Sperm whales are often touted in literature as able to ram ships, sending sailors to the bottom of the ocean. But, are these behemoth marine mammals actually able to crash their heads into seafaring vessels?

In the days of widespread whaling, sailors usually had massive advantages in weaponry and numbers. However, at times, the marine animals are said to have occasionally fought back against their human hunters.

One of the most famous of these incidents occurred in 1820, when a sperm whale is said to have mashed a whaling vessel to bits. This story inspired the novel "Moby Dick," although the antagonist in that story is described as a white whale.

The 19th Century story was also the inspiration for "In the Heart of the Sea," a story published in 2000, which was released as a feature-length film in 2015.

Researchers wanted to know if it is actually possible for a sperm whale to destroy a whaling ship by ramming the vehicle with its massive head. In all, four supposed incidents of sperm whales ramming whaling ships are well-known to historians. Each of these occurred between the years 1820 and 1902.

Sperm whales are the largest toothed whale in the world, with males reaching more than 50 feet in length and 45 tons in weight. Roughly one-third of that significant length is the head. However, whaling ships of the 19th Century could weigh four to five times that significant mass.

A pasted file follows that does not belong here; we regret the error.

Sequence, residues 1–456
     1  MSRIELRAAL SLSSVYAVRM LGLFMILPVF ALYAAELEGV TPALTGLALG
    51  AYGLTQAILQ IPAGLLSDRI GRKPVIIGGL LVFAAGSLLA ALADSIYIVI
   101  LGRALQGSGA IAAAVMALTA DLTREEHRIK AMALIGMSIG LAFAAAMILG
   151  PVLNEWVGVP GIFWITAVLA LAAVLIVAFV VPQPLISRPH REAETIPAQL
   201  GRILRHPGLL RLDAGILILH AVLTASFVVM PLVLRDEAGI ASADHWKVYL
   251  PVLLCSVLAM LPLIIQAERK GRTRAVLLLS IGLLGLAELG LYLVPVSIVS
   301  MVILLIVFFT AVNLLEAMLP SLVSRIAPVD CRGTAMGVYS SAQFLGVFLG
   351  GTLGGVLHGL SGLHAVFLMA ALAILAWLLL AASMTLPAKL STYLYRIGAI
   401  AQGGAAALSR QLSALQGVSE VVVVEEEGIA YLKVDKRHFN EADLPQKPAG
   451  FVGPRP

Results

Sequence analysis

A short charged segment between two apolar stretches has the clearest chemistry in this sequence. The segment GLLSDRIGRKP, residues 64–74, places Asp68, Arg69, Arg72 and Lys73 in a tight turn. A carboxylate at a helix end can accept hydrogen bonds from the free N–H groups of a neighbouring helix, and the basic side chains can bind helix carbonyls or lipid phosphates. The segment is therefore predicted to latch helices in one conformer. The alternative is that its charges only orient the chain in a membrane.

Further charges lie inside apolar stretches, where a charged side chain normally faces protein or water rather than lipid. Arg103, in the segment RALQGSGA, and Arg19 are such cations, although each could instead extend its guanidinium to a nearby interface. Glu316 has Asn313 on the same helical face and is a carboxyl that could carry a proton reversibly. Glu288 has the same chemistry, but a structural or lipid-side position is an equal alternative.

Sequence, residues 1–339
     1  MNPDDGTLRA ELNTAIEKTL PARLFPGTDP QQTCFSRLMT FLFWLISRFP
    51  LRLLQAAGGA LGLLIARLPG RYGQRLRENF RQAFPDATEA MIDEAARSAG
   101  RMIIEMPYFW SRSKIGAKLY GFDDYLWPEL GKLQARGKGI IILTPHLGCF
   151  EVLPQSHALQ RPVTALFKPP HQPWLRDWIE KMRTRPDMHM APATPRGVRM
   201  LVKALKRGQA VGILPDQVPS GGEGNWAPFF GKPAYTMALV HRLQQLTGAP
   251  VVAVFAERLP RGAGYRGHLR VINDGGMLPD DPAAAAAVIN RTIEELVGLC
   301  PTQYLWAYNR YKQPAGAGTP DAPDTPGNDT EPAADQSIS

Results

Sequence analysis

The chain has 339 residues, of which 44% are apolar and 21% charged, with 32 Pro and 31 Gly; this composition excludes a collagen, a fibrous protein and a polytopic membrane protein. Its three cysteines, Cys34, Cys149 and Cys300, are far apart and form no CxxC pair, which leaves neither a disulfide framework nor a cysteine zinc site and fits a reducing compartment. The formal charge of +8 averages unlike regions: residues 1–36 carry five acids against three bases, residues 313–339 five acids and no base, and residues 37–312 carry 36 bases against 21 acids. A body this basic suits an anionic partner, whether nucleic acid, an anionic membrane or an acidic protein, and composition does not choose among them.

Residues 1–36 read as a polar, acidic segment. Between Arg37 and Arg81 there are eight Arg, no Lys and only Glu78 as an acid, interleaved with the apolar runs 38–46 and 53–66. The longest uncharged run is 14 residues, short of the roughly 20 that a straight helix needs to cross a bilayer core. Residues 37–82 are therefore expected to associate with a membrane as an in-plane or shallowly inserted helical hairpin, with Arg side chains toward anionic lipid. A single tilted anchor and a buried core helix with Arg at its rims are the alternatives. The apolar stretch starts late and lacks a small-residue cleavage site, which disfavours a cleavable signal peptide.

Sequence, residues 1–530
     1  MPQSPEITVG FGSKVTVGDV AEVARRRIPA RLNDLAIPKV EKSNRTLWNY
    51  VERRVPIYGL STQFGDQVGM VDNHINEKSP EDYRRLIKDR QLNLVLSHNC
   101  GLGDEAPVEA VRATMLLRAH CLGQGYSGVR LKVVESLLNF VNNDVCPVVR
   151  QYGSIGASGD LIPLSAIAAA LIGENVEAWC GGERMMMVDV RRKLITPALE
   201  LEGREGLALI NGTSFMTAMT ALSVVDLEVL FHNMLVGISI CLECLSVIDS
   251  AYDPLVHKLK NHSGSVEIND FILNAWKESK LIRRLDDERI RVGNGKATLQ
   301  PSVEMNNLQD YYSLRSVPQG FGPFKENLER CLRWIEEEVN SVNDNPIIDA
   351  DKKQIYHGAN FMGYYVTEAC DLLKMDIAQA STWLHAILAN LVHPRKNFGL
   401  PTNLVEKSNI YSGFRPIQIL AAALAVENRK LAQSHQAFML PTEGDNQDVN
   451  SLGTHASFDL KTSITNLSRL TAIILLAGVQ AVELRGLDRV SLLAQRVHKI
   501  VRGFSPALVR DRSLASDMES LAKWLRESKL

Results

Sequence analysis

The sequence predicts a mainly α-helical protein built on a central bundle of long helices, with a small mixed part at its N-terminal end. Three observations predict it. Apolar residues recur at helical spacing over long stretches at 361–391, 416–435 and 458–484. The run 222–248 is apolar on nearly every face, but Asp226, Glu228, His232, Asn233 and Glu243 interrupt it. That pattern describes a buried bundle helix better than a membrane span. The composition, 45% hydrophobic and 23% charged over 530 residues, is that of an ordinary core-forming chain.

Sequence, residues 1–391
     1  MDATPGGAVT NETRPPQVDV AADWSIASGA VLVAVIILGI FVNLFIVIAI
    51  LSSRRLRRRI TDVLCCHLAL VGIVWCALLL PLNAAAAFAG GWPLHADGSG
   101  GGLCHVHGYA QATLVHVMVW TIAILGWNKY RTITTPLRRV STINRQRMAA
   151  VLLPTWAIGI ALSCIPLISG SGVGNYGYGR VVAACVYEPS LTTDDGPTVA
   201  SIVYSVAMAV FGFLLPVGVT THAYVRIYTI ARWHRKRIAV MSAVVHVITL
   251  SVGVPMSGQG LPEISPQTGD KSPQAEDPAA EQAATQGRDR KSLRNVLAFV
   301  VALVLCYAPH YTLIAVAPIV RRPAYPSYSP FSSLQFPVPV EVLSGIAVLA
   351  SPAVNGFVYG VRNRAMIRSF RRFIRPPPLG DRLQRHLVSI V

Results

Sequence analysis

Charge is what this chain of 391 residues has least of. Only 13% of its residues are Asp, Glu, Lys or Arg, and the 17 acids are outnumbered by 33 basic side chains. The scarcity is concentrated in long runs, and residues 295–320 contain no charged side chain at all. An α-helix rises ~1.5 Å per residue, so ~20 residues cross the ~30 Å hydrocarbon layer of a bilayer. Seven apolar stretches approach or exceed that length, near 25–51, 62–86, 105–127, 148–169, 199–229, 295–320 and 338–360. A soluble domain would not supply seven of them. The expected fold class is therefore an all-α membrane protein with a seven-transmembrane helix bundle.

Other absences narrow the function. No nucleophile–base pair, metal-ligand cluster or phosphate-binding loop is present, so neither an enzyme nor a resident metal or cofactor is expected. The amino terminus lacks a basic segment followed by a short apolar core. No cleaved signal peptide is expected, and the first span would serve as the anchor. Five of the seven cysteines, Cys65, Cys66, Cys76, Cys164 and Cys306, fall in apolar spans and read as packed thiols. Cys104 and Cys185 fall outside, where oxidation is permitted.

The massive head of sperm whales facilitates acoustic waves, an ability which could, theoretically, damaged by the behavior. Two large compartments, filled with oil, are contained within the skull of the animals. The contents of one is known as the spermaceti organ, while the other filling is called junk.

"But our findings show that connective tissue partitions within the junk of the sperm whale forehead may function as a shock absorber. This mechanism is important to reduce impact stress and protect the skull from failure. The mechanical advantage of the junk's structure may be the result of selection and acquired traits related to male-to-male aggressive behaviour," said Olga Panagiotopoulou of the University of Queensland.

So, although there is no firm evidence of such attacks on ships, researchers were able to show that sperm whales could, theoretically, ram a wooden marine vessel.

Analysis of the ability of sperm whales to destroy ships by ramming them was published in the journal Peer J.

Photo: Amila Tennakoon | Flickr

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